Why We Probably Aren't Alone in the Universe

There is not much middle ground in the debate over whether life exists beyond planet Earth. Astronomers either believe the odds of life are impossibly rare or mundanely common. 

What's the Latest Development?

While the Kepler space telescope continues to find planets outside our solar system, the debate over extraterrestrial life, so to speak, rages on. Paul Davies, physicist and cosmologist at Arizona State University, argues that even given recent discoveries, the odds are against life existing elsewhere. Davies says the vast number of other worlds is actually misleading because none have been similar in size to Earth or in distance to their parent star, "that the statistical improbability of organic molecules lining up just as they did to create life as we know it is greater than even so large a sample group could overcome."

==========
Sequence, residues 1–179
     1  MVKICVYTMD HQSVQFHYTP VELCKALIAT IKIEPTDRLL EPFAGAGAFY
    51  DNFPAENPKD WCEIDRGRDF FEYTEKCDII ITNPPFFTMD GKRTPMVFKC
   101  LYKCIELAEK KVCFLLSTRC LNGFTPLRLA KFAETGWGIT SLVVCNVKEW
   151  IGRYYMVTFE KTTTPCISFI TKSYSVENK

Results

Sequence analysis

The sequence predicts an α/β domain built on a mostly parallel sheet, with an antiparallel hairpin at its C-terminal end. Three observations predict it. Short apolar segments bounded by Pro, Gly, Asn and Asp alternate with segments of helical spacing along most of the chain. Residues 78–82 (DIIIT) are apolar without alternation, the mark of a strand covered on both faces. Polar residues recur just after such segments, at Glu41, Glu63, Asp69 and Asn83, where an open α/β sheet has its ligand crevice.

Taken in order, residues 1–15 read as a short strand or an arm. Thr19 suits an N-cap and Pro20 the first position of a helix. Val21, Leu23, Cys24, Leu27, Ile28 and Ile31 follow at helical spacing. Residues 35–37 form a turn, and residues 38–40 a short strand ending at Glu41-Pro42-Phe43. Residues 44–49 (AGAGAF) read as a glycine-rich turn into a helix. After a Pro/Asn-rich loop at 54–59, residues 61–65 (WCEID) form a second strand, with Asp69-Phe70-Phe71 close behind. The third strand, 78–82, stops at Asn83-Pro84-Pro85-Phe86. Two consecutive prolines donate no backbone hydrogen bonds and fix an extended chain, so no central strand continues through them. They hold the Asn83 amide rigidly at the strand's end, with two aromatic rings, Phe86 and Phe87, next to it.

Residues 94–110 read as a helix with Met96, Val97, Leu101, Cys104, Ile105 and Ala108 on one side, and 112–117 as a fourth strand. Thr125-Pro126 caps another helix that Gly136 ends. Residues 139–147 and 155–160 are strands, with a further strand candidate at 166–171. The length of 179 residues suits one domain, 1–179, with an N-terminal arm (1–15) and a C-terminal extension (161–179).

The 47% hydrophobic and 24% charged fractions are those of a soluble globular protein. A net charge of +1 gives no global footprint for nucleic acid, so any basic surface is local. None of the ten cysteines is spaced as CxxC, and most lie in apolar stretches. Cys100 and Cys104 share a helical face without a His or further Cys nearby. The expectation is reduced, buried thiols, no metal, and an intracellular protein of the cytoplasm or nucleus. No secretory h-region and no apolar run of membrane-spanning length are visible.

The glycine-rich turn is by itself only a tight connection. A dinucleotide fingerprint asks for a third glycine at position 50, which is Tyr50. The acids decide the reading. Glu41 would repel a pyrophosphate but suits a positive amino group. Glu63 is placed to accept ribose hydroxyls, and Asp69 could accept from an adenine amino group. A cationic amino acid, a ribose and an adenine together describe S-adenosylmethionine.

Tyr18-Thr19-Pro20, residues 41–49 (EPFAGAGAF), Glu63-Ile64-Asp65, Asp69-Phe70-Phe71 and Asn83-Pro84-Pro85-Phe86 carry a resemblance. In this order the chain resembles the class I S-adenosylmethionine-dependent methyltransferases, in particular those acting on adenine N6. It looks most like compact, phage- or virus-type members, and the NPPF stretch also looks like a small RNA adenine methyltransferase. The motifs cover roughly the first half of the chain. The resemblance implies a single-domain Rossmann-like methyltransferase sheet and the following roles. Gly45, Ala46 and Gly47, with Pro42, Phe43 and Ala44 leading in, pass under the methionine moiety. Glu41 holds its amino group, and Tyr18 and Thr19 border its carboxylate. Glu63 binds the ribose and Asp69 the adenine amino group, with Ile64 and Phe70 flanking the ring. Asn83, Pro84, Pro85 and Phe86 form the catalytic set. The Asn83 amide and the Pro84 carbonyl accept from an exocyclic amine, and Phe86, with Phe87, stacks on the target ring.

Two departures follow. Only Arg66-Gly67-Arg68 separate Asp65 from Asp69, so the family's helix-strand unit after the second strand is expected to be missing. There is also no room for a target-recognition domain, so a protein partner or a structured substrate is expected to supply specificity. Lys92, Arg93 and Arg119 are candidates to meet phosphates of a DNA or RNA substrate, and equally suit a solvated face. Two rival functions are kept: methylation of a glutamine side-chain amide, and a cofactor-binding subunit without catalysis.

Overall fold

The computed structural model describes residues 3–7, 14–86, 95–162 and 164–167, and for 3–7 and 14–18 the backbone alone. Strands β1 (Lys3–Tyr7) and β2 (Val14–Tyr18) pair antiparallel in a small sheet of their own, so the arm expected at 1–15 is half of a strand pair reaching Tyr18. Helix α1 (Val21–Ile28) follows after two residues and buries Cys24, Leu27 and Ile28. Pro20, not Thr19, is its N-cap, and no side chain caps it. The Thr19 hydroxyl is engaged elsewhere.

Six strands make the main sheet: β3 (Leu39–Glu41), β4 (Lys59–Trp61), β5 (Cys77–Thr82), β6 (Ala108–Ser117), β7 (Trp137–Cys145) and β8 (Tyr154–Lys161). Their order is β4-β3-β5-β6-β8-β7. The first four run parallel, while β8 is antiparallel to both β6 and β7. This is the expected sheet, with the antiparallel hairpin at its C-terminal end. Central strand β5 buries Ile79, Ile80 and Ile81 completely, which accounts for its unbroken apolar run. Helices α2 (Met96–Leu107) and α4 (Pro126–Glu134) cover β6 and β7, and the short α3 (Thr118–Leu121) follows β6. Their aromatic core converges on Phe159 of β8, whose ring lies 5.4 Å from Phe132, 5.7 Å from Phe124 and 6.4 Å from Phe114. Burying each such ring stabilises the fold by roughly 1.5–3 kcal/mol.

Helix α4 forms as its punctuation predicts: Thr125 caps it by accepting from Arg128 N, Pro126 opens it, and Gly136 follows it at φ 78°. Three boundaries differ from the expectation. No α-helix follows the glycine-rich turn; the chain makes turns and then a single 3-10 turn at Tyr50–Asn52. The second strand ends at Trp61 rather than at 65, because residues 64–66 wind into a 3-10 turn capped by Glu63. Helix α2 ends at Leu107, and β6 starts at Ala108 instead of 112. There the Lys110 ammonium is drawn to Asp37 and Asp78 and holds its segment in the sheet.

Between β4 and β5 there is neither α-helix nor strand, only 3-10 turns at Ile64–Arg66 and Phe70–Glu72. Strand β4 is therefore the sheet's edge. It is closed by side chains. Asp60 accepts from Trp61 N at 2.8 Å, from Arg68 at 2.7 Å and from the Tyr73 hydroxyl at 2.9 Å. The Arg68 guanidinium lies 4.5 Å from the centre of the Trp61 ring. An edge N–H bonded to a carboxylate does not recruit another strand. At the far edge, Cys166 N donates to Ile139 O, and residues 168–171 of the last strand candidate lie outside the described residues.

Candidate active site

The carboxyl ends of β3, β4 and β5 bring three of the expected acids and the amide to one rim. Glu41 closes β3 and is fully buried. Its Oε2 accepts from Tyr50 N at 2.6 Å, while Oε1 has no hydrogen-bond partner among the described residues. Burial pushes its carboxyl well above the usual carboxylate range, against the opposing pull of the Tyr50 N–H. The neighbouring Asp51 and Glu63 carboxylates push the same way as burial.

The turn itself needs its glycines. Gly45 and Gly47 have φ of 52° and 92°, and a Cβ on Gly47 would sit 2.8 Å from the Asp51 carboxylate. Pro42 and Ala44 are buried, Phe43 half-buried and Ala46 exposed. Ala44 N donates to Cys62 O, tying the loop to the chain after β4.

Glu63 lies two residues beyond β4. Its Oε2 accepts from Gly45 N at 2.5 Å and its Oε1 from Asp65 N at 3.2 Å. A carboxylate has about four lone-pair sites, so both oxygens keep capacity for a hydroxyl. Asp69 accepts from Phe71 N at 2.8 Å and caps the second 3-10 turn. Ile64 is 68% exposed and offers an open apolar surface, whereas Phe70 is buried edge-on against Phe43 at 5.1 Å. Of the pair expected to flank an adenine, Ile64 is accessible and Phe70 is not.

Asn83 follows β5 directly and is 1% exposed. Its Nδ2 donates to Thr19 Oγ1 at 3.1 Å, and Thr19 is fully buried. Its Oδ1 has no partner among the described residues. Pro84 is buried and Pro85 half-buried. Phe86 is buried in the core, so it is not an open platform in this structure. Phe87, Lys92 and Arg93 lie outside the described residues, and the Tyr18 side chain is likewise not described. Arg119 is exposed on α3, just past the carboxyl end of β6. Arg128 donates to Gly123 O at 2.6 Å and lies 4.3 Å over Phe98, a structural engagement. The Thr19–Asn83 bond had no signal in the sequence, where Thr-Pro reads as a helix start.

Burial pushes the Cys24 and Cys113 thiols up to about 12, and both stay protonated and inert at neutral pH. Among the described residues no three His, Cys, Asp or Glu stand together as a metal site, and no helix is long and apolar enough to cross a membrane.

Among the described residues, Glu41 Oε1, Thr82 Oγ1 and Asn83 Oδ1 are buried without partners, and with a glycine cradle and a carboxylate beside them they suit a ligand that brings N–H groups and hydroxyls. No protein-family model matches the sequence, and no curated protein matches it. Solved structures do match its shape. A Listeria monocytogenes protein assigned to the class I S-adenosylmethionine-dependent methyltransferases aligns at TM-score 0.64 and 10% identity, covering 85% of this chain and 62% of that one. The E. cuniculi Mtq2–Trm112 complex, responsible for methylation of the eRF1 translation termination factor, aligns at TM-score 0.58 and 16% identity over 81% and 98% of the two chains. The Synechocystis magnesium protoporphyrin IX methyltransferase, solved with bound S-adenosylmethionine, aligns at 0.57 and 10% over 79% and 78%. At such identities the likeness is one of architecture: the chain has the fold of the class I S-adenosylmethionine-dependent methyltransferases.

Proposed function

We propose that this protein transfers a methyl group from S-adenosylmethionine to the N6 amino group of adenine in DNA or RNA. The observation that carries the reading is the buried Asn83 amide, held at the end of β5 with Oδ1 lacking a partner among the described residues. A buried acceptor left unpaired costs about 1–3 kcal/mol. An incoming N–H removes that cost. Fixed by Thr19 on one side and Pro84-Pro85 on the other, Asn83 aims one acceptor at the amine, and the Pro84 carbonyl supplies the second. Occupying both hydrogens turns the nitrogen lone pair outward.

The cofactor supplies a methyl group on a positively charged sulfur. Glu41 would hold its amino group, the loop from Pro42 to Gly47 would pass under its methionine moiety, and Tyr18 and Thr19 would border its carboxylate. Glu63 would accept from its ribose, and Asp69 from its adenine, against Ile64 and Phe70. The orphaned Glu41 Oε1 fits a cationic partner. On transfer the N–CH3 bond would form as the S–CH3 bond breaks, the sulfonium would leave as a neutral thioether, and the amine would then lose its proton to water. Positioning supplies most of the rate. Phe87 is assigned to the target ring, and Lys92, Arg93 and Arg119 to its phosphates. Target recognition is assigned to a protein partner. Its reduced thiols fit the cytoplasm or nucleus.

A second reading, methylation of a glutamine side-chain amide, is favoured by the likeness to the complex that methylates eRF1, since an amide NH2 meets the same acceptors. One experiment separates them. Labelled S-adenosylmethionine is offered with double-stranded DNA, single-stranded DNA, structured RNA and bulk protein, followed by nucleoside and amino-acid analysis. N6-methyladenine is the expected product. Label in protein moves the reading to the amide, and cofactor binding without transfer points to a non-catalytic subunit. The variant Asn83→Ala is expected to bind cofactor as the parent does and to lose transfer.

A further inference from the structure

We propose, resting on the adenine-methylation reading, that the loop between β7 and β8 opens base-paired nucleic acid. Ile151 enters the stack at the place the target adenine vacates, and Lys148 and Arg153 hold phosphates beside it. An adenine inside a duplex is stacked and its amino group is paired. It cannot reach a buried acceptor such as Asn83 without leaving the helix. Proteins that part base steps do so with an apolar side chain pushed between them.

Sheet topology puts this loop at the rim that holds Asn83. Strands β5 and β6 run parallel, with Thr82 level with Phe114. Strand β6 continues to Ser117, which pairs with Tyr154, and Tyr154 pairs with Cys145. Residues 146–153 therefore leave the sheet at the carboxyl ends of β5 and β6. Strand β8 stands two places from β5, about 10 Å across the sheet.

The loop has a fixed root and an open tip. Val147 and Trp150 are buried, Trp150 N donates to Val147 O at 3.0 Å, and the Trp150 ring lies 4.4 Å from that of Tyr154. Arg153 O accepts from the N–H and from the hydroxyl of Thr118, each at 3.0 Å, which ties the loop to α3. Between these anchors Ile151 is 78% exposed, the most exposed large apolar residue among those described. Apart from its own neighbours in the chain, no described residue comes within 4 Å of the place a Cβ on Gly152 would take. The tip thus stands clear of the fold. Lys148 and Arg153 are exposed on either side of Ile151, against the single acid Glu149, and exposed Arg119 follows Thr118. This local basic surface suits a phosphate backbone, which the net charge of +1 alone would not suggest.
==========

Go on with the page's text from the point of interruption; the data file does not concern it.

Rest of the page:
What's the Big Idea?

Other scientists, including many at NASA, argue that the basic elements for life--hydrocarbons, water and an energy sourse--are in such plentiful supply that, given some time, it's bound to pop up somewhere. Perhaps it will not be intelligent life, or even life as we know it, but astronomers even suggest there may be cellular organisms within our solar system. The watery moons of Jupiter are one candidate, particularly Europa where the gravitational attraction to Jupiter generates enough heat to keep water in a liquid state. Later this year, a NASA rover will investigate the Martian soil for evidence of past life. 

Photo credit: Shutterstock.com

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